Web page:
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France awaits word on singer Johnny Hallyday's condition at Cedars-Sinai

French media are camped at San Vicente and Beverly boulevards, but hospital staff won't talk about the 'French Elvis,' who was placed into a medically-induced coma last week.

December 15, 2009|By Bob Pool

Those waiting impatiently for the traffic light to change Monday may not have noticed, but the eyes of France were focused on the corner of Beverly and San Vicente boulevards.

That's where a rock legend known as the "French Elvis" was lying in Cedars-Sinai hospital, slowly coming out of an artificially induced coma in a medical drama that has engrossed the European continent for the last week.

Curious passersby wondering which celebrity had attracted the swarm of reporters and photographers that has been camped out on the corner in tents and satellite trucks were puzzled when told it was pop singer Johnny Hallyday. Throwing in his French nickname didn't help, either.

"You guys are here for an Elvis Presley imitator?" one of them asked a French journalist.

Actually, Hallyday is like Elvis and Michael Jackson rolled into one -- at least according to the breathless Paris-based media horde that has converged on the hospital.

"He's supposed to have introduced rock 'n' roll to France. He's our Elvis," said Benoit Petit, a reporter with BFM TV, a French news channel similar to CNN. "If he were to die, we'd be talking about him all day long."

Keeping vigil has been an exhausting and frustrating experience for the reporters. During breaks, they bypass the Westside's various French bistros in favor of burgers and Jerry's Famous Deli.

By mid-afternoon, Hallyday had reportedly awakened from his coma. The journalists and broadcasters waiting on the corner weren't entirely certain, because that information was coming from Paris, not from across the street.

Officials at Cedars-Sinai have refused to confirm that Hallyday is even a patient, let alone what his condition is. It was unclear whether he was admitted under that name or his real name: Jean-Philippe Smet.

"There is no communication from the hospital," said Katia Clarens, a senior writer for Le Figaro. "There is no medical communication at all. In France, sometimes you can find a doctor or nurse who will talk. Here, they keep the secret."

Clarens said that occasional word of Hallyday's condition has been relayed to France by his family members, who are here with the pop star, and by celebrities who have flocked to the hospital to pay their respects. From Paris, news organizations forward the latest update to reporters on the corner of Beverly and San Vicente, who relay it back to their French audiences.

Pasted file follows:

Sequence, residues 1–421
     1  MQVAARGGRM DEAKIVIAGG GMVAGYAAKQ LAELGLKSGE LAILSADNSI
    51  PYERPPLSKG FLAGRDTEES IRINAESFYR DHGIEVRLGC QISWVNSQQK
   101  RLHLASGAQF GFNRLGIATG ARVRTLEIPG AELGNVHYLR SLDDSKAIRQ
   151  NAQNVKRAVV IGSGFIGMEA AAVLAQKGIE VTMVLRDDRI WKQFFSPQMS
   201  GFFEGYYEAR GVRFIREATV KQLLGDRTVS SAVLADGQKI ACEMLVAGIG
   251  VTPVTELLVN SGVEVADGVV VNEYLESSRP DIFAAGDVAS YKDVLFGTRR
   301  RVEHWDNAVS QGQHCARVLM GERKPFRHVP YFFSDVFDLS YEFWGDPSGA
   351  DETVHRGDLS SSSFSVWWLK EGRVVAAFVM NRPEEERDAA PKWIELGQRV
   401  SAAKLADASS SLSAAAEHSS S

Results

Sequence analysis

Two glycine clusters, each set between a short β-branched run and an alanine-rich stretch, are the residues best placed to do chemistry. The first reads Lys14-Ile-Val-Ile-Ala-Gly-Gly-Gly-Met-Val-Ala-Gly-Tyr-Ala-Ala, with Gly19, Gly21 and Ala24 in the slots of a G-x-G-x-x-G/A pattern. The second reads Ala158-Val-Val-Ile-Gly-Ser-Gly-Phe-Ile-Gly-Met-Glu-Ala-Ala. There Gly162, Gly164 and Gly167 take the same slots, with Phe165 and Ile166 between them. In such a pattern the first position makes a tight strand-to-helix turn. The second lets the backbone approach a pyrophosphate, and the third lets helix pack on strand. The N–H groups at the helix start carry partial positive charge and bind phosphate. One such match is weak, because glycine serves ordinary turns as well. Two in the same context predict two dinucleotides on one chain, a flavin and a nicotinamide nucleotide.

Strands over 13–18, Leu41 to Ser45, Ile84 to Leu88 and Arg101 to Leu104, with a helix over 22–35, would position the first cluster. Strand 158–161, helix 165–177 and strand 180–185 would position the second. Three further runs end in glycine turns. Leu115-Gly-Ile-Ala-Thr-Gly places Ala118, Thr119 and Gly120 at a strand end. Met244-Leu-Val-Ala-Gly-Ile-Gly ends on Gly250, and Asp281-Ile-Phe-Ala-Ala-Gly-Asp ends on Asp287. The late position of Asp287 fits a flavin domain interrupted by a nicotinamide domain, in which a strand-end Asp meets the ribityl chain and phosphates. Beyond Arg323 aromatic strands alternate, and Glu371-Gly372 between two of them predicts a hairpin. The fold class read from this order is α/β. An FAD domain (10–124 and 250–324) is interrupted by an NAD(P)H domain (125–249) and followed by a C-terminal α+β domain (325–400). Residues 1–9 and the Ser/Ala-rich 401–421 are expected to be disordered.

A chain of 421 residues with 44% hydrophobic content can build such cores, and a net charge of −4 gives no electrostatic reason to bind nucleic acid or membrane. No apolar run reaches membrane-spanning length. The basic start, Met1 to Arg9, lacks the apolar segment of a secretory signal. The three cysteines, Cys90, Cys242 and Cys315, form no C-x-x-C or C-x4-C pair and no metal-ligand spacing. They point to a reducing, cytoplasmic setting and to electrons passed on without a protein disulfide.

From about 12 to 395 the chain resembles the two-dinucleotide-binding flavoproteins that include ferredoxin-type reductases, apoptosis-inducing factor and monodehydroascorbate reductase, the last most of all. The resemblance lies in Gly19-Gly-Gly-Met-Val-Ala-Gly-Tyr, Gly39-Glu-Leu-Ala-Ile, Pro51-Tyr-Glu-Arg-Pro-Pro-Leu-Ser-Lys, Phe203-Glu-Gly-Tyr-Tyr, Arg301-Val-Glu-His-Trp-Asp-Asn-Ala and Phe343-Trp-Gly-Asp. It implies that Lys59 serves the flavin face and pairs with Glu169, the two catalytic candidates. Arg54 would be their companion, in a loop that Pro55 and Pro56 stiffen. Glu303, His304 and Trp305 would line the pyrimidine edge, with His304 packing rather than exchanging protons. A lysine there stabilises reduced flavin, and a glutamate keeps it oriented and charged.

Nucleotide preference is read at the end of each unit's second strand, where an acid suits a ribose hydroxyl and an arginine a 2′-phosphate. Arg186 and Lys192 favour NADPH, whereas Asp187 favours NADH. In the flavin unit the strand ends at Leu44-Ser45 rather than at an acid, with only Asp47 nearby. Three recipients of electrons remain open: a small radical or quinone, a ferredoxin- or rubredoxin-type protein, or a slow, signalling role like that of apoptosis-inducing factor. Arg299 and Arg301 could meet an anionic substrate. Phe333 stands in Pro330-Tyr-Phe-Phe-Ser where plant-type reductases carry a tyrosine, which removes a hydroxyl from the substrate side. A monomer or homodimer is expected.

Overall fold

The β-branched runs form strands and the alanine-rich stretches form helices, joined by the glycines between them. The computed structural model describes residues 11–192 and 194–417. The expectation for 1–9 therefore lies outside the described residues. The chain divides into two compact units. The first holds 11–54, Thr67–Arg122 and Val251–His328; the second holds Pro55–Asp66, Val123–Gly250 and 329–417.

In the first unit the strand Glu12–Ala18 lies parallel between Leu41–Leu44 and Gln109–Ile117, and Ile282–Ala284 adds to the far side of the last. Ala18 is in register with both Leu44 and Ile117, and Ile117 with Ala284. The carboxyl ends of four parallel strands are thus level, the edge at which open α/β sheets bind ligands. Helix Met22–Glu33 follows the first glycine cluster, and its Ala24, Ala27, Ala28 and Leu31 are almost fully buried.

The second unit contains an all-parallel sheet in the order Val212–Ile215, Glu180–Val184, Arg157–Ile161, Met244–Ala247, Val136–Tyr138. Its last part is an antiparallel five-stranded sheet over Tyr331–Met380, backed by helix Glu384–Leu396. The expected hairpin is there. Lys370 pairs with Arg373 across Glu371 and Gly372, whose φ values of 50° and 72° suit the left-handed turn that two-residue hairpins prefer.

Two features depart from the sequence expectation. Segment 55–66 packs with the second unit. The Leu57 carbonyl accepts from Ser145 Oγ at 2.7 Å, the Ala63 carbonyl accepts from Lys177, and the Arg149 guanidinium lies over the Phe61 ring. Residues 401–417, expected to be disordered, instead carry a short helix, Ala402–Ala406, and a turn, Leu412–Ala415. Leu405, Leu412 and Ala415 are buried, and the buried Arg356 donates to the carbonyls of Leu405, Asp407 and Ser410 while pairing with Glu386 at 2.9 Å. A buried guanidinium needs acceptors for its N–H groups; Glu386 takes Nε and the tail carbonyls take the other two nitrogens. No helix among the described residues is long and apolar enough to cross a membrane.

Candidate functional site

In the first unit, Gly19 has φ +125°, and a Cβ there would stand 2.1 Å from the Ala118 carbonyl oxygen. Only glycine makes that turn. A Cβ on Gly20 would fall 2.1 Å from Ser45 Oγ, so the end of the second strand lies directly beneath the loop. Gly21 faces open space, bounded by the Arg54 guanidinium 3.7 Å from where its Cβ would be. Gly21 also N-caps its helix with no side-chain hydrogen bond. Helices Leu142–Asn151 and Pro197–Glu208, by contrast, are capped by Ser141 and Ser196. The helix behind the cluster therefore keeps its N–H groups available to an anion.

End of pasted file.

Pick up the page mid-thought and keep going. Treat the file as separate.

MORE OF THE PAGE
Still, Hallyday's Los Angeles hospitalization has gone almost unnoticed in this country.

"All the French media is here, but no American media has been here but you," Clarens said.

According to the French journalists, their country is holding its collective Gallic breath that Hallyday will recover quickly enough that he can perform starting Jan. 8, when he is scheduled to resume a seven-month "farewell tour" that's called "Route 66."

That name is a nod to both Hallyday's age -- he's 66 -- and his longtime appreciation of American rock music and its roots.

According to French reports, Hallyday's condition is the result of an allegedly botched recent back surgery to repair a disc that was damaged when he fell on his yacht near Monaco during the summer. Hallyday's producer, Jean-Claude Camus, labeled the operation, which was performed at a clinic that is popular with celebrities, "a complete butchery."

Hallyday arrived in Los Angeles on Dec. 7. Photos of him being pushed through LAX in a wheelchair shocked the French.

Hallyday's hospitalization even attracted the attention of French President Nicolas Sarkozy, who called the singer "greatly loved."

Said Sarkozy: "I have confidence in him . . . he's tough."

The mixture of a frenzied news media, pushy promoters and a medical mystery has led to comparisons with pop icon Michael Jackson's death in June on the eve of his own comeback tour. Like Jackson, Hallyday has a large (20 million euros) insurance policy that will pay off if he is unable to perform on the tour.

Valerie Cantie, a journalist who is reporting on Hallyday for Radio France, had a comparison of her own for the two music stars.

"I covered Michael Jackson's death," she said. "I'm more exhausted with Johnny Hallyday."

bob.pool@latimes.com

Times staff writer Randy Lewis contributed to this report.

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